Midmorning Hour 2 for July 23, 2009
Rhesus monkeys at University of Wisconsin-Madison courtesy of Jeff Miller/University of Wisconsin-Madison Guests Richard Weindruch: Gerontologist and researcher, directs the Aging and Cancer Developing Program at the University of Wisconsin at Madison and leads the study on caloric restriction in monkeys. Robert Butler: Gerontologist, psychiatrist and president/CEO of the International Longevity Center-USA. His book "Why Survive? Being Old in America" won a Pulitzer Prize. Richard Miller: Associate Director for Research, Geriatrics Center at the University of Michigan.
Newly published research on monkeys' diets suggest that a restricted-calorie diet could be the key for humans to live longer. How is scientific research changing our view of longevity, and will it give clues to how we will age in the future?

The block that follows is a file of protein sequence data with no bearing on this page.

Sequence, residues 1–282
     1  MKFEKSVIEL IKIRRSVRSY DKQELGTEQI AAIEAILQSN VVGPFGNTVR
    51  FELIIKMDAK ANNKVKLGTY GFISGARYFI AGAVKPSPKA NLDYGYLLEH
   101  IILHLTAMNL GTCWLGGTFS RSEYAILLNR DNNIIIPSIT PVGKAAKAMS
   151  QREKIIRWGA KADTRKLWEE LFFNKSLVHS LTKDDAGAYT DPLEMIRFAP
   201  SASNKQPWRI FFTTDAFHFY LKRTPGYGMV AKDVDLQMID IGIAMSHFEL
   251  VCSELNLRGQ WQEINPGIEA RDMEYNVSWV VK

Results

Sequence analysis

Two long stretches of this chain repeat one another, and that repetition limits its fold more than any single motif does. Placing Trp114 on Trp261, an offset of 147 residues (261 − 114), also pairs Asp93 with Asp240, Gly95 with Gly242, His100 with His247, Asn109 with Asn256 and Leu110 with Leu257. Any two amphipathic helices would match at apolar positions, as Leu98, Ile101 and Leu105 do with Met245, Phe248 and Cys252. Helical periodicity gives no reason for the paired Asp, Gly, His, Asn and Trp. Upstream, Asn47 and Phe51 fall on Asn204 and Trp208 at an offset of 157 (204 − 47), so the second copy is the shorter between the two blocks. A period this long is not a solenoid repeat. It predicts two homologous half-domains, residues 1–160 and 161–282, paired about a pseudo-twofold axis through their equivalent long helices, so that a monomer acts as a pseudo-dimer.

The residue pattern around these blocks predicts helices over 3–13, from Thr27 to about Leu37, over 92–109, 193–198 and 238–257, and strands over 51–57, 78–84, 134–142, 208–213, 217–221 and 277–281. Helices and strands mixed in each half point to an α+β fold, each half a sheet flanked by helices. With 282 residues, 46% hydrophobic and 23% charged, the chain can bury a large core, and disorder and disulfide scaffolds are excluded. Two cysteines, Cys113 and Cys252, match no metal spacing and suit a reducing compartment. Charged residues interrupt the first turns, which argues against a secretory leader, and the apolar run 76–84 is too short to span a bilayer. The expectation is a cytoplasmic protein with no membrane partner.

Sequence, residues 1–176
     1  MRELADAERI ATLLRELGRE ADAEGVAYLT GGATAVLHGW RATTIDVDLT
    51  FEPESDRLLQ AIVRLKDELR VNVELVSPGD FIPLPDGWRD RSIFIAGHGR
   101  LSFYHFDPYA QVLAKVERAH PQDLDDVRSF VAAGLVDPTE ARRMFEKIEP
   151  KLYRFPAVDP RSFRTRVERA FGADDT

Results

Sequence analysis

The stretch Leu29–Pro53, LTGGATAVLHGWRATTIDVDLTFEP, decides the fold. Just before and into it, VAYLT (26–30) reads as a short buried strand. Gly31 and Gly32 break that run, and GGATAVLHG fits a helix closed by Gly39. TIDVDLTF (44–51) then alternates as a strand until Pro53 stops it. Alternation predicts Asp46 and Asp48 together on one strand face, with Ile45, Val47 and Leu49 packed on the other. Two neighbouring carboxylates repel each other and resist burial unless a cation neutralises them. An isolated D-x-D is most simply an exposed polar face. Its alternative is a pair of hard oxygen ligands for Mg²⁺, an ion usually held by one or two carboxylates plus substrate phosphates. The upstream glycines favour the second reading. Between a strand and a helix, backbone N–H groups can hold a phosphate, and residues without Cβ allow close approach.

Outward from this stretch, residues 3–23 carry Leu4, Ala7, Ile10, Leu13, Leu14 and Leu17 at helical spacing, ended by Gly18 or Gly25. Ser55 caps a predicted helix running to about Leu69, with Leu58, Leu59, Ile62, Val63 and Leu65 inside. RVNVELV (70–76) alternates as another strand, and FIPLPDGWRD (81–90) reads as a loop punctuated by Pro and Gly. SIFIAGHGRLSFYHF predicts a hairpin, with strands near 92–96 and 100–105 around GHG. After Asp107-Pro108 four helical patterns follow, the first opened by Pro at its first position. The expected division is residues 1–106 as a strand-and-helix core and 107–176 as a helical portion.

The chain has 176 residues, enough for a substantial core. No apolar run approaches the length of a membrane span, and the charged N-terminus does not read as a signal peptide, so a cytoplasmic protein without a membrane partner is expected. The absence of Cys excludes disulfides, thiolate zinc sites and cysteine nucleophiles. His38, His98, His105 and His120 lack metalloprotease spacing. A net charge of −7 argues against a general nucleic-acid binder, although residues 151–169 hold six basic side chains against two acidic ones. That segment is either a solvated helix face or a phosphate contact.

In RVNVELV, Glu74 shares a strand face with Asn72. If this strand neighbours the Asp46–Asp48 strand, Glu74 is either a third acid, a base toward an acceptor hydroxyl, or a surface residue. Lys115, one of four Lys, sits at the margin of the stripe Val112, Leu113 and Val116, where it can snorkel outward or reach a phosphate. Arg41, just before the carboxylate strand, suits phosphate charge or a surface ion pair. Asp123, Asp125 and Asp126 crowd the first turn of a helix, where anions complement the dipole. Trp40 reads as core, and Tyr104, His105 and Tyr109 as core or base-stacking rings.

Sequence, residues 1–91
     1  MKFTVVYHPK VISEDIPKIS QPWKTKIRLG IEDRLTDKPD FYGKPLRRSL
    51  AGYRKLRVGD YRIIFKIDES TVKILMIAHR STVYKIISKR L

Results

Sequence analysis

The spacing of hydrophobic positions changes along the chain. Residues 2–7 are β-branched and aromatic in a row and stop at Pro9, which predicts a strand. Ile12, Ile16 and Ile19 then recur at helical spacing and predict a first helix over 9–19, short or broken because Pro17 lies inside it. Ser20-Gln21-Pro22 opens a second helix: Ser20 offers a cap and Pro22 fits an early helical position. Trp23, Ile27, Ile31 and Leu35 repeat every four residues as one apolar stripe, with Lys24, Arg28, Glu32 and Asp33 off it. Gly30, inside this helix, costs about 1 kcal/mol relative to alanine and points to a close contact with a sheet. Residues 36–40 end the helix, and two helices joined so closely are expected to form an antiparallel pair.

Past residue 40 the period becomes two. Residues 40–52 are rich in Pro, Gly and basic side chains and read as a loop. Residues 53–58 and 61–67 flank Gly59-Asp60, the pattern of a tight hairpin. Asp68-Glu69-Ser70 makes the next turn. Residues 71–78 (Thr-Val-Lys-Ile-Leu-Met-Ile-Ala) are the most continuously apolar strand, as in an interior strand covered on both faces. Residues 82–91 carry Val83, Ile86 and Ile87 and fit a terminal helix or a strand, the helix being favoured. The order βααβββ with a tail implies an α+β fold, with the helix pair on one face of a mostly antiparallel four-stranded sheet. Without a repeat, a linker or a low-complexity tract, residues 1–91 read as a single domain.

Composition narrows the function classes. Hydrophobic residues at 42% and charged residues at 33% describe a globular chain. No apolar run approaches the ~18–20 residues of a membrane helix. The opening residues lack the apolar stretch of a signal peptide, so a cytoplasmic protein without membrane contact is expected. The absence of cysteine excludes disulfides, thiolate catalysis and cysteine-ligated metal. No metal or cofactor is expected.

Rhesus monkeys, left to right, Canto, 27, on a restricted diet, and Owen, 29, a control subject on an unrestricted diet, are pictured at the Wisconsin National Primate Research Center at the University of Wisconsin-Madison on May 28, 2009. The two are among the oldest surviving subjects in a pioneering long-term study of the links between diet and aging in Rhesus macaque monkeys, which have an average life span of about 27 years in captivity. courtesy of Jeff Miller/University of Wisconsin-Madison View full gallery